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In this lab you are going to apply the Fast Fourier Transform ( FFT ) to analyze the spectral content of an input signal in real time. You will alsoexplore algorithms that estimate a stationary random signal's Power Spectral Density ( PSD ). Finally, you will be introduced to using the C environment and codeoptimization in a practical application. This knowledge will be applied in optimizing a reference implementation of a PSD estimator.
First, samples of the power spectrum of a deterministic signal will be calculated via the magnitude squared of the FFT of the windowedsignal. You will transform a 1024-sample block of input data and send the power spectrum to the output for display on theoscilloscope. After computing the FFT of a 1024-sample block of input data, you will thencompute the squared magnitude of the sampled spectrum and send it to the output for display on the oscilloscope. In contrastto the systems you have implemented in the previous labs, the FFT is an algorithm that operates on blocks of samples at atime. In order to operate on blocks of samples, you will need to use interrupts to halt processing so that samples can betransferred.
The FFT can be used to analyze the spectral content of a signal. Recall that the FFT is an efficient algorithm forcomputing the Discrete Fourier Transform ( DFT ), a frequency-sampled version of the DTFT .
DFT:
Your implementation will include windowing of the input data prior to the FFT computation. This is simple a point-by-pointmultiplication of the input with an analysis window. As you will explore in the prelab exercises, the choice of windowaffects the shape of the resulting spectrum.
A block diagram of the spectrum analyzer you will implement in the lab, including the required input andouput locations, is depicted in .
Second, you will generate a colored, psuedo-noise (PN) sequence as input to the power spectrum algorithm. The noise sequence will begenerated with a linear feedback shift register, whose operation is as shown in . This PN generator is simply a shift-register and an XOR gate. Bits 0, 2, and 15 of the shift-registerare XORed together and the result is shifted into the lowest bit of the register. This lowest bit is the output of the PN generator,and the highest bit is discarded in the shift process. The LSB is used to generate avalue of $M$ and this sequence will repeat with a period of $2^{B}-1$ , where $B$ is the width in bits of the shift register and $M$ is a constant. The power spectral density of this sequence is flat(white) and it will be "colored" via a fourth-order IIR filter. PN generators ofthis type are a useful source of random data bits for system testing. They are especially useful as a data model in simulating communicationsystems as these systems tend to randomize the bits seen by the transmission scheme so that bandwidth can be efficiently utilized.However, this method will not produce very "random" numbers. For more on this, see Pseudorandom number generator , Linear feedback shift register , and chapter 7, section 4 of Numerical Recipes .
The direct-power-spectrum (DPS) algorithm outlined above is insufficient for estimating the PSD of a stationary noisesignal because the variance of the estimated PSD is proportional to the value of the actual PSD. For the third part of this lab you will try toreduce the variance of the PSD estimate by windowing the autocorrelation of the noise signal and computing the fft.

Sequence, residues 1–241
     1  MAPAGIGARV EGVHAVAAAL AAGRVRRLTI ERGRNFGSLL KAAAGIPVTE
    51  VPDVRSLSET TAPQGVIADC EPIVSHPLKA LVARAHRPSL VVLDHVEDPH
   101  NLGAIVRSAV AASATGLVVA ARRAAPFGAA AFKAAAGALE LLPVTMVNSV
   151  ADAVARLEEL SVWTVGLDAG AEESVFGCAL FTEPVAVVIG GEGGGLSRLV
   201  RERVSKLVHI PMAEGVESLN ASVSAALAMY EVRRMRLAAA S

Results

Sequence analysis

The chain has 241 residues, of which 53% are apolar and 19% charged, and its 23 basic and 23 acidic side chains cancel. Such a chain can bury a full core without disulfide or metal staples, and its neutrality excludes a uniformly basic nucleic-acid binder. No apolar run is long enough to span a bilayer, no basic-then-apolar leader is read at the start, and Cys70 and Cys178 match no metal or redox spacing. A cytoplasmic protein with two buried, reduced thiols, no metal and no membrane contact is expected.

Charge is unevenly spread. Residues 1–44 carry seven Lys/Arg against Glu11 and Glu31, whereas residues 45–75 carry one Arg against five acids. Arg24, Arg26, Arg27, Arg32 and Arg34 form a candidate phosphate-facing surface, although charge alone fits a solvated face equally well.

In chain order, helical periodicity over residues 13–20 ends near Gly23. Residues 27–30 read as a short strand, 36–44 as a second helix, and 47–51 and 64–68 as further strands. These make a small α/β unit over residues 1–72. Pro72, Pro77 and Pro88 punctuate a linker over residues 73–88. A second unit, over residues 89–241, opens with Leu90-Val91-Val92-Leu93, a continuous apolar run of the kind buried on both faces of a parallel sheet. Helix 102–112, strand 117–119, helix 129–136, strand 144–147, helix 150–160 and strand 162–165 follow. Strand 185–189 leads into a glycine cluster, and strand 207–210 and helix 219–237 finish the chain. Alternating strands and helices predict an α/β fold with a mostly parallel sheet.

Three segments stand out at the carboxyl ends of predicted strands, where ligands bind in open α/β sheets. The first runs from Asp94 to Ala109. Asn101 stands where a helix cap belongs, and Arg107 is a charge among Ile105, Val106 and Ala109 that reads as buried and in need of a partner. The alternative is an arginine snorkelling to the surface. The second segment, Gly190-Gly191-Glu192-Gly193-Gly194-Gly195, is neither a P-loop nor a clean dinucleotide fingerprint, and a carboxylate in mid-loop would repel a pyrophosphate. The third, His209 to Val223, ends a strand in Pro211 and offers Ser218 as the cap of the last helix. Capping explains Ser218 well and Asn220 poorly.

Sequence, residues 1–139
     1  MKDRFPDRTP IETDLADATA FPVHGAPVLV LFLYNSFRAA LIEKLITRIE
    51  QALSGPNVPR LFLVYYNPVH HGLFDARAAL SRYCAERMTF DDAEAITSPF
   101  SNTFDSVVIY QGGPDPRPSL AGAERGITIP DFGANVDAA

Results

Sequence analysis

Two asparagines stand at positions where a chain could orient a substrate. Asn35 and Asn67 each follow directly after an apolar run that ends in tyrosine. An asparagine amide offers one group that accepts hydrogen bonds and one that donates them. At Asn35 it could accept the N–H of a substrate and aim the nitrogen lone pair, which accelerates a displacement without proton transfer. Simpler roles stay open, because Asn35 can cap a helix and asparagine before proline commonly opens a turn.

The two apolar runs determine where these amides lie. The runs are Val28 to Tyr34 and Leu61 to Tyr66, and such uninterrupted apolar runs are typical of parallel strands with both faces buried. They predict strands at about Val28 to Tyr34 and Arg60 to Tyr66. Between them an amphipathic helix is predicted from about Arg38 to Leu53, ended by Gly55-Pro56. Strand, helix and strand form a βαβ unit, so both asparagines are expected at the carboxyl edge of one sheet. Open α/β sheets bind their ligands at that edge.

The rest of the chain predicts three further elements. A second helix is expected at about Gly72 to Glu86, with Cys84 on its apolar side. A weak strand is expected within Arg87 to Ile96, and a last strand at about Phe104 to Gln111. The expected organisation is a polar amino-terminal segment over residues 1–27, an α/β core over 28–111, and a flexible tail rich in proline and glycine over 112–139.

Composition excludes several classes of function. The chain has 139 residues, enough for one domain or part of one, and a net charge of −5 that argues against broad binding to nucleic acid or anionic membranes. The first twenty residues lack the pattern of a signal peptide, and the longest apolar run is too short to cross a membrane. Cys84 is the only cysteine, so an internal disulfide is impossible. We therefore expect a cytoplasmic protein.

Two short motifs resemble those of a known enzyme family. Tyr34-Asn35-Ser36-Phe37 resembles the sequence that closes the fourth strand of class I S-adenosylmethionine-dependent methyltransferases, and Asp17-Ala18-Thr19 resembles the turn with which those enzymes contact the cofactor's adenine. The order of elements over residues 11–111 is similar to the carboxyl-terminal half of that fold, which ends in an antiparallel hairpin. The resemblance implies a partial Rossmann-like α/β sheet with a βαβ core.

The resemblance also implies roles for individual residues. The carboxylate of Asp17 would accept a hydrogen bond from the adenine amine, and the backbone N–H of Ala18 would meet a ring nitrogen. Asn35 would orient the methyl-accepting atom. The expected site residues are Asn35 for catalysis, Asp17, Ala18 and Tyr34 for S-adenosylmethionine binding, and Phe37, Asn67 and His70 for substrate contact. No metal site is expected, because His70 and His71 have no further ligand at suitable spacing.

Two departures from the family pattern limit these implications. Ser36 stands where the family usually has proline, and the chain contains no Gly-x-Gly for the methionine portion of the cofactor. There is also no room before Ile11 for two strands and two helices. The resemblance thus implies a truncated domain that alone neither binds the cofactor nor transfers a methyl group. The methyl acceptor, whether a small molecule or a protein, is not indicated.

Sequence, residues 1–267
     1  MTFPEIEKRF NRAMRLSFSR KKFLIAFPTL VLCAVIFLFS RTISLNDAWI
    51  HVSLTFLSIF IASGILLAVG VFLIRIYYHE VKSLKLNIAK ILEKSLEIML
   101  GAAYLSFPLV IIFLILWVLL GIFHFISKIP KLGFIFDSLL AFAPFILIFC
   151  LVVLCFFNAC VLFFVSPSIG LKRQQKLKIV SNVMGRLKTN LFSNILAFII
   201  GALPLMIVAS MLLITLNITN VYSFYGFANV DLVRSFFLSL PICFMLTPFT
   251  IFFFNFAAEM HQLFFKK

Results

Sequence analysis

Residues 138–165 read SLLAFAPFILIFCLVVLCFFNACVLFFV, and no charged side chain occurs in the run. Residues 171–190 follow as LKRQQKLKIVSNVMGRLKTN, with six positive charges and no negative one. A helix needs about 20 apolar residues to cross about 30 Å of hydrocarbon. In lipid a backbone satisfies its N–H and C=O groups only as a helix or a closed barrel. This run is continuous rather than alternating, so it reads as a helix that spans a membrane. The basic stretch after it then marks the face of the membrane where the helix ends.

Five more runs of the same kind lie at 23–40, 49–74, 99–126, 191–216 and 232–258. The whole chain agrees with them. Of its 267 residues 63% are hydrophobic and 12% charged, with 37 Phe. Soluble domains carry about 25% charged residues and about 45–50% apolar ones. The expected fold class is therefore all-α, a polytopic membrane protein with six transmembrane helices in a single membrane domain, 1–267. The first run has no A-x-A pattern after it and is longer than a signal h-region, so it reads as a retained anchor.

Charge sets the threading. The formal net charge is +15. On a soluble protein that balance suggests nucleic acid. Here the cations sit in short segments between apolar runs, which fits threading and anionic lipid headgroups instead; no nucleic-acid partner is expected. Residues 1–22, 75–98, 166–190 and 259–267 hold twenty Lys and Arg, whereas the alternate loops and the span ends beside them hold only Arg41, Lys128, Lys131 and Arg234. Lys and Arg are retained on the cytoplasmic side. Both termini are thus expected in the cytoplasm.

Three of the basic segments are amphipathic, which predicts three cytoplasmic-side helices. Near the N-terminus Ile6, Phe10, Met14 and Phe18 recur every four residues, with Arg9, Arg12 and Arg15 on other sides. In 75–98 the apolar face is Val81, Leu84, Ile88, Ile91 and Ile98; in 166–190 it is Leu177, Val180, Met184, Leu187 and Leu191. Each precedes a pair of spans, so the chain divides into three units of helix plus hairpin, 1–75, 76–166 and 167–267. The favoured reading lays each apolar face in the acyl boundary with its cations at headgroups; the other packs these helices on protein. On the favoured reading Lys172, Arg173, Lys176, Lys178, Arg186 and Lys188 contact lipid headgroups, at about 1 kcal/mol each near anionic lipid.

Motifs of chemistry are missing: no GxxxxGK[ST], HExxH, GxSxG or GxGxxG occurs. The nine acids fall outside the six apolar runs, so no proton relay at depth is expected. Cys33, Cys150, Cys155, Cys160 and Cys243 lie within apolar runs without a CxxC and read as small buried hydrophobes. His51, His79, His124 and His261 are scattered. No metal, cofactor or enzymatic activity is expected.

The autocorrelation of a sequence is the correlation of the sequence with itself:
For random signals, the autocorrelation here is an estimate of the actual autocorrelation.As $\left|m\right|$ is increased, the number of samples used in the autocorrelation decreases.The windowed-DPS algorithm is equivalent to taking the FFT of the autocorrelation of the windowed data. Windowing of the dataadds even more noise to the autocorrelation estimate, since the autocorrelation is performed on a distorted version of the originalsignal. An improvement can be made by constructing an accurate estimate of the autocorrelation (using a rectangular window),applying a window and computing the FFT. The motivation for applying the window at the latter stage is that emphasis should be given toaccurate autocorrelation values while less accurate values should be de-emphasized or discarded.
A good empirical characterization of a random process requires sufficient data, and both of the PSD-estimation algorithms definedabove can be extended to accomodate more data. There is one caveat, however: manyreal-world processes are modeled as short-time stationary processes (non-stationary models are hard to deal with), so there is a practical limit to how much data is available for a PSDestimate. Additional data is added to the direct-PSD estimation algorithm byadding multiple spectra together, thereby smoothing the PSD estimate. Additional data is added to the windowed-autocorrelation methodby computing the autocorrelation of the total data set before windowing. You will explore the windowed-autocorrelation method onthe DSP.
A second objective of this lab exercise is to introduce the TMS320C549 C environment in a practical DSP application. The Cenvironment provides a fast and convenient way to implement a DSP system using C and assembly modules. You will also learn howto optimize a program and when to use C or assembly. In future labs, the benefits of using the C environment will become clear as largersystems are developed.
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